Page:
Keep your goals way out in front of you

Without something “big” we’re working towards, it’s hard to wake up in the morning and give it our best. Having both worldly and spiritual goals not only helps us find more meaning, but also models what it looks like to be someone who defines success in more than pecuniary terms. It allows students to see how having a strong sense of purpose creates the discipline and determination necessary to achieve anything they desire.

Three random acts of kindness

Frederick Lenz once said, “Whenever we do something for someone else, we affirm that we are not simply in it for ourselves, that our self is someone else, is everyone else.” Committing to performing a few acts of kindness throughout the week can go a long way in making us feel more fulfilled. Sharing these stories with students will make them feel closer to us and may even inspire them to pay for someone’s cup of tea or offer a kind word and smile to someone who really needs it.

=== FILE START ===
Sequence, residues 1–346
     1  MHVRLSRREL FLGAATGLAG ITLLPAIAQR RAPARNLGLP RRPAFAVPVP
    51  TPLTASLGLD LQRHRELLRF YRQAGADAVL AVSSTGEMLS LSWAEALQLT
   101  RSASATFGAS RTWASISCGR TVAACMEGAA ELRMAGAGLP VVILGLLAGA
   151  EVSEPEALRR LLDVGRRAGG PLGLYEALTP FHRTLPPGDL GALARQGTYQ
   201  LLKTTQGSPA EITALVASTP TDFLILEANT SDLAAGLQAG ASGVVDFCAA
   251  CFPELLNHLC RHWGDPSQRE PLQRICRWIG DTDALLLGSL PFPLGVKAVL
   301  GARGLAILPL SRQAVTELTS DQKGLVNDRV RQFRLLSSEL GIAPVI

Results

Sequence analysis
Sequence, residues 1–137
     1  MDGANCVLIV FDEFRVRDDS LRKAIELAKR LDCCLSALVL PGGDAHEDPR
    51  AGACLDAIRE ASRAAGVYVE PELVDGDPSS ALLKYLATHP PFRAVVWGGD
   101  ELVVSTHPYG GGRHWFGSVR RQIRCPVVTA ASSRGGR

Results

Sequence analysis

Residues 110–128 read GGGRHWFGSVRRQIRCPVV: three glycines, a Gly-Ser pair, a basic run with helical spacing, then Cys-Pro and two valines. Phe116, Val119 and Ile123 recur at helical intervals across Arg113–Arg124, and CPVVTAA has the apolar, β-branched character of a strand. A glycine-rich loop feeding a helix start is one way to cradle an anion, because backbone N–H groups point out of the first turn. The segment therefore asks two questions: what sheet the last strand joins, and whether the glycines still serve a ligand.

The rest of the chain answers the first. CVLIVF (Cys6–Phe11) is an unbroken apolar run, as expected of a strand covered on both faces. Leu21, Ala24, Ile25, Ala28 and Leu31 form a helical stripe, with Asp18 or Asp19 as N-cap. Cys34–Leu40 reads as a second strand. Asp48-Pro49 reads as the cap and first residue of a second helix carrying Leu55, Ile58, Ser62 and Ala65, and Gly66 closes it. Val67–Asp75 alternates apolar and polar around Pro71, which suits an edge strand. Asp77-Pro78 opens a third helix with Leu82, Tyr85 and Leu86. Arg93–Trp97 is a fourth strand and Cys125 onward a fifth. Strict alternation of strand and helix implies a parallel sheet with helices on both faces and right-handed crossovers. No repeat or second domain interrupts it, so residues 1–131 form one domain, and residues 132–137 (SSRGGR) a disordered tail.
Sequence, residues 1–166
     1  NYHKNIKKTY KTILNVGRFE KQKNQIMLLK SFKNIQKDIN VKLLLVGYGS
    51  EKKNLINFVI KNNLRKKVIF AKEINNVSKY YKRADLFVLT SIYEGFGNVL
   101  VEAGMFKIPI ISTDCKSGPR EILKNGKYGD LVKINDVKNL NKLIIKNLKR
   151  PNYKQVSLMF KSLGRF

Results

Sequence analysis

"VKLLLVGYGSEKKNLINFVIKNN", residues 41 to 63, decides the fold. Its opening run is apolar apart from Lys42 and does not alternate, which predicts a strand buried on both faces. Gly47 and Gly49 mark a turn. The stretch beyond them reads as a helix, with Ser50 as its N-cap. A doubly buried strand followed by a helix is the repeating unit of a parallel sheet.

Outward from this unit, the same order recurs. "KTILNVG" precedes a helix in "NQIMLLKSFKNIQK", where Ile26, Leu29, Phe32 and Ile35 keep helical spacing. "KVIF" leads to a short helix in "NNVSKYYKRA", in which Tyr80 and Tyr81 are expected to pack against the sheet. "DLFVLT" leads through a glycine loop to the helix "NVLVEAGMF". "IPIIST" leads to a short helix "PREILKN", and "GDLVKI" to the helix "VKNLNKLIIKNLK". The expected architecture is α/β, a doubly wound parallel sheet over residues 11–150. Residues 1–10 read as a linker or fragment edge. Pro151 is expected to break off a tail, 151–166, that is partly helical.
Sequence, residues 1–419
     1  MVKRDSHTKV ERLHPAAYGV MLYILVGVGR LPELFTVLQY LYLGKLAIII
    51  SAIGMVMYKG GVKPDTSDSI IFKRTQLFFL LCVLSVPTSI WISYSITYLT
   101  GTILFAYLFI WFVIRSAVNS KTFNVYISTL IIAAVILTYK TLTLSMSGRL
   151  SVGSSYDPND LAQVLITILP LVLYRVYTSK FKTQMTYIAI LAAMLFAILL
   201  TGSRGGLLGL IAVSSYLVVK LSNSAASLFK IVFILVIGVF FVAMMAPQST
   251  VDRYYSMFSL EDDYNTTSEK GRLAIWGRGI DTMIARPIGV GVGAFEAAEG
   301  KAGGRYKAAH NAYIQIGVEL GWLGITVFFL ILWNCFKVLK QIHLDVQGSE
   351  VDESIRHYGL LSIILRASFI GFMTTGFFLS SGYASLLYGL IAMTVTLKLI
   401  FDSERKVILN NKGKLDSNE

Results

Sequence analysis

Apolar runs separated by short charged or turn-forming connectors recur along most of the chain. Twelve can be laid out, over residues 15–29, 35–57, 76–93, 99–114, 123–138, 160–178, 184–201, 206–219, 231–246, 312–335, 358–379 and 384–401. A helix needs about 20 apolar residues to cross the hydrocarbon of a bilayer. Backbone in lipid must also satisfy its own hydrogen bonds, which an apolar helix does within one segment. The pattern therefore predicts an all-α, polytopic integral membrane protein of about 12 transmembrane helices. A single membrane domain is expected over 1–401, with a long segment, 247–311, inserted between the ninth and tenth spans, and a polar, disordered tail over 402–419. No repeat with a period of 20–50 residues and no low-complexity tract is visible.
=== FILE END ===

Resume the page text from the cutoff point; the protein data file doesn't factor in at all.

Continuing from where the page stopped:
Write down your values

Write down the things that are important to you and circle the top three. Use these to guide your decisions at work. Ask students to do the same and have a discussion with them about it. Watch how overtime many students show up more authentically and with stronger faith in themselves and the world around them. Remind them of the words of C.S. Lewis, “You can’t go back and change the beginning, but you can start from where you are and change the end.”

Dr. Noura Badawi has 15 years of higher education teaching experience online and on-ground.


Aurelius, M. (2002). The Meditations. Random House.

Darwin, C., & In Barlow, N. (1969). The autobiography of Charles Darwin, 1809-1882: With original omissions restored. New York: Norton.

Meyer-Shine, A. (2017, November 20). How making a “reverse bucket list” Can make you happier. Fast Company. Retrieved from https://www.fastcompany.com/40497651/how-making-a-reverse-bucket-list-can-make-you-happier